Politics & Government

Politics, elections, law, military and veteran's affairs

Hundred of reporters are lined up in rows, looking at flat-screen televisions like bettors at a racetrack. Producers are recording on iPhones and reporters are deploying selfie sticks to capture live shots, while crew toting video cameras stalk bigger game.

The quarry — presidential candidates and their surrogates — are announced by a party staffer carrying a vertical placard, hoping to draw the attention of the fickle journalistic hordes.

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Copyright 2016 NPR. To see more, visit http://www.npr.org/.

As national security has come to dominate the 2016 presidential race, the GOP contenders in particular are being pushed to define where they stand on a contentious matter: how suspected terrorists should be interrogated. Specifically, they've been asked about the currently banned use of waterboarding — a simulated drowning technique the CIA used on at least three alleged terrorists.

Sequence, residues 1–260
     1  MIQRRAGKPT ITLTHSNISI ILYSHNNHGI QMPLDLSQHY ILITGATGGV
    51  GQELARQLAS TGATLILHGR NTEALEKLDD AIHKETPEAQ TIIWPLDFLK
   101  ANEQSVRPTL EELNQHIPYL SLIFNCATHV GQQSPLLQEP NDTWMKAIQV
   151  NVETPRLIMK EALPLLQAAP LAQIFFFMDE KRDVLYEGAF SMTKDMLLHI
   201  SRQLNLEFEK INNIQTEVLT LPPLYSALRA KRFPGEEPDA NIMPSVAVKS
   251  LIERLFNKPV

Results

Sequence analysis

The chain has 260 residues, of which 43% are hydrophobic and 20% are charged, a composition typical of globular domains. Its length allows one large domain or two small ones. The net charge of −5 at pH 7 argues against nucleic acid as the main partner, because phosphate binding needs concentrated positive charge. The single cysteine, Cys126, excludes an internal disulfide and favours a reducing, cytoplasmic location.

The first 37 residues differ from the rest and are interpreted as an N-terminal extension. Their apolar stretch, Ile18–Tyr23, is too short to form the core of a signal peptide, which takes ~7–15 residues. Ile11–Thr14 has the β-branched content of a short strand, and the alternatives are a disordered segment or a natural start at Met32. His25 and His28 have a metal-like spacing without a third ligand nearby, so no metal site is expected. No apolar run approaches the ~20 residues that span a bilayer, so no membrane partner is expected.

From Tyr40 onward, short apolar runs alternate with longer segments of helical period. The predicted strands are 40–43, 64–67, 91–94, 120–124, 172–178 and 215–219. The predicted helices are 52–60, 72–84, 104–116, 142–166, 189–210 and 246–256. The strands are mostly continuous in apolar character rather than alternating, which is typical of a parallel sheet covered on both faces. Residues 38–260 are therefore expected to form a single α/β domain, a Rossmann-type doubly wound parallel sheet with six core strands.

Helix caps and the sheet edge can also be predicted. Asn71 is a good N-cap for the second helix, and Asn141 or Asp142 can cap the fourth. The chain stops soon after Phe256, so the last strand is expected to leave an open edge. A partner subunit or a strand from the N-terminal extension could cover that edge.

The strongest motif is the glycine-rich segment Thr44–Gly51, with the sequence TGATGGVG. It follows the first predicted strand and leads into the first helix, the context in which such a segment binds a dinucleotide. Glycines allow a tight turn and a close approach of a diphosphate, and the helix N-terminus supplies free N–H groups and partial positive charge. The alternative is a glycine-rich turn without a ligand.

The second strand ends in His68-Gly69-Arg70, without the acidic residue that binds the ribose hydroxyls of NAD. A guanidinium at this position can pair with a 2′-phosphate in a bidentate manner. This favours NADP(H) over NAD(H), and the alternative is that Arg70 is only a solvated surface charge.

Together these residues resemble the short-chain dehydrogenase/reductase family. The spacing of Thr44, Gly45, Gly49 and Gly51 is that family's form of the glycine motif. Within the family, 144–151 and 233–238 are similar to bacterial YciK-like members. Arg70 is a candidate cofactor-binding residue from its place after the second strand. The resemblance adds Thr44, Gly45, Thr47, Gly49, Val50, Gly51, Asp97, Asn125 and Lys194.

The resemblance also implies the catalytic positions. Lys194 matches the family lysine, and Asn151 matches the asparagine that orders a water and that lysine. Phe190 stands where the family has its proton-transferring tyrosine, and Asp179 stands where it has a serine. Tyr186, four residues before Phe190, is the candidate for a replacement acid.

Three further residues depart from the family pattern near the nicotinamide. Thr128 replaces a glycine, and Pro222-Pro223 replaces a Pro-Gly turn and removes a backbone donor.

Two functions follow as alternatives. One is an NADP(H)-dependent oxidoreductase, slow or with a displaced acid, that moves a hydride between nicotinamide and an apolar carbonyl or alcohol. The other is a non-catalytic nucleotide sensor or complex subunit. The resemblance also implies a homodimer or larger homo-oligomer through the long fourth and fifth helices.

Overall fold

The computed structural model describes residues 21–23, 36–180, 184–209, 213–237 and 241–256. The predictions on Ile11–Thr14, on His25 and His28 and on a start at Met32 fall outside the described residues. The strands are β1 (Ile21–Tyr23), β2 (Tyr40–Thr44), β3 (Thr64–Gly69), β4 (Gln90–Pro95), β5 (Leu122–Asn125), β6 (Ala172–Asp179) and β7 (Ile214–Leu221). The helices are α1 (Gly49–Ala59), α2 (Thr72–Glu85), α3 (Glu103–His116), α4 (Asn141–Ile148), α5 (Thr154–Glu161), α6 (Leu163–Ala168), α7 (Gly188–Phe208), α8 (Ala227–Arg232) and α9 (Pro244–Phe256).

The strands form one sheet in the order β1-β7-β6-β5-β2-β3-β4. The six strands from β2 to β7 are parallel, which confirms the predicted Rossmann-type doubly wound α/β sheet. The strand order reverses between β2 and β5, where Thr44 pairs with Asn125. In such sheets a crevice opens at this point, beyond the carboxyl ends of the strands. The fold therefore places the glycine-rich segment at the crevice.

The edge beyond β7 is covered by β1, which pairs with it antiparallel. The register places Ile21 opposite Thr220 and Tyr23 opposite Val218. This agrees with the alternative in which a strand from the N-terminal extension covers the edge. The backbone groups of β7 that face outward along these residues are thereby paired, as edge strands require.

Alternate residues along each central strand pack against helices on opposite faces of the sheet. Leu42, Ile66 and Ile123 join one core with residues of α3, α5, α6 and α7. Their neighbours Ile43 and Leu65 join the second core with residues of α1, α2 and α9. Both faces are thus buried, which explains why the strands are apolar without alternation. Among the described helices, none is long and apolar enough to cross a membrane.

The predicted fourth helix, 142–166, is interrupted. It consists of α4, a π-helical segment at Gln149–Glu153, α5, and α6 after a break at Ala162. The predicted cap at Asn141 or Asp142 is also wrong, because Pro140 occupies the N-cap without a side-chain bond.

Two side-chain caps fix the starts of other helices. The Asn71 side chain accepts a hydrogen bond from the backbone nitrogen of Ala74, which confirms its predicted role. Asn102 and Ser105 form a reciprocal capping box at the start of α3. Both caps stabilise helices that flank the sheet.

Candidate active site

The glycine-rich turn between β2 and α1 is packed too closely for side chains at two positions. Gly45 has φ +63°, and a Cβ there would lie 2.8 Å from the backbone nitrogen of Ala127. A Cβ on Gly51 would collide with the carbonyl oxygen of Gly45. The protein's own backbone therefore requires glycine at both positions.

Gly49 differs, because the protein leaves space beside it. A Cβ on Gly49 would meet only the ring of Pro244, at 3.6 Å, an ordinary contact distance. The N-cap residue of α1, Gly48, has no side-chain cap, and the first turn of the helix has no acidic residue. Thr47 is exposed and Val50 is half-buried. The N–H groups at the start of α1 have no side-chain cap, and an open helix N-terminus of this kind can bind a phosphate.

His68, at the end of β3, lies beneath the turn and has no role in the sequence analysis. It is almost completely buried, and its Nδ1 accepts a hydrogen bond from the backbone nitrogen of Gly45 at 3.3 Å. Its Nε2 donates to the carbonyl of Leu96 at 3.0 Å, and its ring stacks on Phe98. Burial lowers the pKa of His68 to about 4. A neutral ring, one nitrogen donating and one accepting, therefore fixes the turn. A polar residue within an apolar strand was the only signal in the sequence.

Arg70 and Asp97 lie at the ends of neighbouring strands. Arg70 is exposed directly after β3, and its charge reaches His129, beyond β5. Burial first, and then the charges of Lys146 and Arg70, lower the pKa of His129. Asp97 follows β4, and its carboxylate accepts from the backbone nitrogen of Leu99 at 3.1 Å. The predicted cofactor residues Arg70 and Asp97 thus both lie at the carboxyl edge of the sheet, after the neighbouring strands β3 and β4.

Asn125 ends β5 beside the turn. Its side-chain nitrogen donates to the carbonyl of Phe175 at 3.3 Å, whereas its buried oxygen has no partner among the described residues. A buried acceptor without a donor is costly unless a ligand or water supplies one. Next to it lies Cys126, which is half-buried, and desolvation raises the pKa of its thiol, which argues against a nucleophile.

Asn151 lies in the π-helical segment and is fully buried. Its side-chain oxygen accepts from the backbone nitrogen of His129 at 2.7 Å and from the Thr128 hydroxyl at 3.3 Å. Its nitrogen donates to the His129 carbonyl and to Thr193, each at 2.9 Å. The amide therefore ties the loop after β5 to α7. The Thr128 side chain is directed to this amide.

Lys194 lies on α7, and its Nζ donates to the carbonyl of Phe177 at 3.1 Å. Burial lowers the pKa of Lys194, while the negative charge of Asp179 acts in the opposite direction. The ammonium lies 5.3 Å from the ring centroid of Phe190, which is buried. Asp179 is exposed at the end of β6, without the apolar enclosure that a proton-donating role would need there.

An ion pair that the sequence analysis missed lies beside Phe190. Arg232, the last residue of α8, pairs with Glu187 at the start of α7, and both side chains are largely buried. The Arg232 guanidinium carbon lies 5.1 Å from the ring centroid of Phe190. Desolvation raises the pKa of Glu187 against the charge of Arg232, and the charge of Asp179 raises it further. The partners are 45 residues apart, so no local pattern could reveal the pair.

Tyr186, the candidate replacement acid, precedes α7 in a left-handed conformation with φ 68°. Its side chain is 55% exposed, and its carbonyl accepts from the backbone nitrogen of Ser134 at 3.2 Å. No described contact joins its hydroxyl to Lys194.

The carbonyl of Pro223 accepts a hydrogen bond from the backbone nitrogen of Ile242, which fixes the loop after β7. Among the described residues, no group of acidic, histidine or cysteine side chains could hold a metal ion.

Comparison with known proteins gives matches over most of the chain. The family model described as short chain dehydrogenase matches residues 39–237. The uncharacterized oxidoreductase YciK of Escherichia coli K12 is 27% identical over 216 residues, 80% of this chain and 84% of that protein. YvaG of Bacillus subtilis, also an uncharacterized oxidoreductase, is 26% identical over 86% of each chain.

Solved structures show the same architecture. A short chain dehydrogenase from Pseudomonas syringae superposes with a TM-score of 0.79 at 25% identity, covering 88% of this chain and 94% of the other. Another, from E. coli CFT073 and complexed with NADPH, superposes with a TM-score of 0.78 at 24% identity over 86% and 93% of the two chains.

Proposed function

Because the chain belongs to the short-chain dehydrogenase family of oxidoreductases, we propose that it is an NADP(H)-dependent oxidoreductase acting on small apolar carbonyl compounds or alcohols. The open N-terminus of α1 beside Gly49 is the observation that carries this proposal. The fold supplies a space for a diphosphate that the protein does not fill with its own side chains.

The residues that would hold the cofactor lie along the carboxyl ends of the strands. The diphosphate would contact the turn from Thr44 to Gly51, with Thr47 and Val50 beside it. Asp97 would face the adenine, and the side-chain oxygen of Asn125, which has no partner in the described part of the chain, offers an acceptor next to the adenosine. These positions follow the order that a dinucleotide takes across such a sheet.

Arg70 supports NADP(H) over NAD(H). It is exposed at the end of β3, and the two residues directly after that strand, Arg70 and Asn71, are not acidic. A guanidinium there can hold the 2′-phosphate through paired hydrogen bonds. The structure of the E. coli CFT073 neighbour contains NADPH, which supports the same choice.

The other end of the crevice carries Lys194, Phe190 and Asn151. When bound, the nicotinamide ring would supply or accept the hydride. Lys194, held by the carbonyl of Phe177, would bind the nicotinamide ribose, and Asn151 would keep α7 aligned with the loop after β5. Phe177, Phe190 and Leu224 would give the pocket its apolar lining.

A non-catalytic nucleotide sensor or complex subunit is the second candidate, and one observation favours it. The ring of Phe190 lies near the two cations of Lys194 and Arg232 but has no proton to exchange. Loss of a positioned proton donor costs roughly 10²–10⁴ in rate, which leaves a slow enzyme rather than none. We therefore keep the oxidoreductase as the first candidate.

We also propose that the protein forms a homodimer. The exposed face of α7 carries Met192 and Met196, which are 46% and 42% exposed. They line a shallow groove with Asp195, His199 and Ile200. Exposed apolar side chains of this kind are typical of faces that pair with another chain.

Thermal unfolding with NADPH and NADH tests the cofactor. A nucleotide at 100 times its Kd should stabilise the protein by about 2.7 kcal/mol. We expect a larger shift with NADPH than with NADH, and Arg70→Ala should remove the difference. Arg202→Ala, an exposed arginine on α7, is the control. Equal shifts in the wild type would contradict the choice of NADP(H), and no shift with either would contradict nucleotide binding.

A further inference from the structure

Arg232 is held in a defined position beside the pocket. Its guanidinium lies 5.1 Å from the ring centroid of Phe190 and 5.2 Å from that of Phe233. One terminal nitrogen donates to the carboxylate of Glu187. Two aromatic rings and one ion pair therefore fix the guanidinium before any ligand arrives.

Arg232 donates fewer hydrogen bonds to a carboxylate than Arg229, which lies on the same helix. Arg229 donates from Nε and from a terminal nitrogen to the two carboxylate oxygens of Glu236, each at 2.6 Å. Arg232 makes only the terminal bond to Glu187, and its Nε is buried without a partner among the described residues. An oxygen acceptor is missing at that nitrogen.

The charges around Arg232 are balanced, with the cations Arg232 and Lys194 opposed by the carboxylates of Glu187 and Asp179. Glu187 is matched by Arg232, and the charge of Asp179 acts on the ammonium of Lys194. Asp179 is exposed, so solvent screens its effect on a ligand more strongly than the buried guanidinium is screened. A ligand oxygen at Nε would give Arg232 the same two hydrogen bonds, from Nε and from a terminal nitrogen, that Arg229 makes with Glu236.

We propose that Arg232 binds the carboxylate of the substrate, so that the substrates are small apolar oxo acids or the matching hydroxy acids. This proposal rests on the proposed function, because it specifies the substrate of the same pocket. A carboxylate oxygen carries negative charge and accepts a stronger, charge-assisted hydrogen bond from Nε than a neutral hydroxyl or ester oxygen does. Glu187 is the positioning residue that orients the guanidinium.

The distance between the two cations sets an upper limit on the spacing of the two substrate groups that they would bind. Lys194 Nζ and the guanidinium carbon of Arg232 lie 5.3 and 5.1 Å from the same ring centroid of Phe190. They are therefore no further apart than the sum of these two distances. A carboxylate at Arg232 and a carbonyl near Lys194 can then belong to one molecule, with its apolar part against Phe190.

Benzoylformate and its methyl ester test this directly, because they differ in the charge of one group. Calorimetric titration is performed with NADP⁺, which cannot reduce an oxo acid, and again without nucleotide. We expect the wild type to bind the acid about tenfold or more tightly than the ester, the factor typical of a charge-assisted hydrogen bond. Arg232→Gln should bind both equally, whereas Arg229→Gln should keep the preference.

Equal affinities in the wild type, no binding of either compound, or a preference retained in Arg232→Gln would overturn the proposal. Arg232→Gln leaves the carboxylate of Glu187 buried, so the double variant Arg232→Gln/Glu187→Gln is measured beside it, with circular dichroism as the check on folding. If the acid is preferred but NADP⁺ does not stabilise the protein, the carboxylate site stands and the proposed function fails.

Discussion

Donald Trump wrote in his 1987 book, The Art of the Deal, that his grandfather came from Sweden. These days, the Republican presidential hopeful and real estate mogul embraces different paternal roots.

The teetotaler's grandfather actually comes from a medieval wine-making village called Kallstadt, in the southwestern German state of Rhineland Palatinate. Like many Americans of German descent, the Trumps apparently stopped referring to their German heritage during the World Wars.

Jim Gilmore's quixotic presidential campaign came to a surreptitious end Friday.

His resume reads like someone who should have been a top-tier candidate — former governor of swing-state Virginia, a former Republican National Committee chairman, and the only military veteran in a primary campaign where national security is a top concern among voters.